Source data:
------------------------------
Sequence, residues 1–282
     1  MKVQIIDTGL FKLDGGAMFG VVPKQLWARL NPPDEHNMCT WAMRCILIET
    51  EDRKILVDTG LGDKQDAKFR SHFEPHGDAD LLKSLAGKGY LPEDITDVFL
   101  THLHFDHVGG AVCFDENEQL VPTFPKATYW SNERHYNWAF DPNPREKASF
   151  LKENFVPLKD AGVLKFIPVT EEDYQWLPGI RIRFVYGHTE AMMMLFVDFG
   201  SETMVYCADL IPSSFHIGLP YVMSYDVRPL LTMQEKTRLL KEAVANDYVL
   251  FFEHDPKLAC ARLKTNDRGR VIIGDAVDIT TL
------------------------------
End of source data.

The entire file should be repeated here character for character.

Sequence, residues 1–282
     1  MKVQIIDTGL FKLDGGAMFG VVPKQLWARL NPPDEHNMCT WAMRCILIET
    51  EDRKILVDTG LGDKQDAKFR SHFEPHGDAD LLKSLAGKGY LPEDITDVFL
   101  THLHFDHVGG AVCFDENEQL VPTFPKATYW SNERHYNWAF DPNPREKASF
   151  LKENFVPLKD AGVLKFIPVT EEDYQWLPGI RIRFVYGHTE AMMMLFVDFG
   201  SETMVYCADL IPSSFHIGLP YVMSYDVRPL LTMQEKTRLL KEAVANDYVL
   251  FFEHDPKLAC ARLKTNDRGR VIIGDAVDIT TL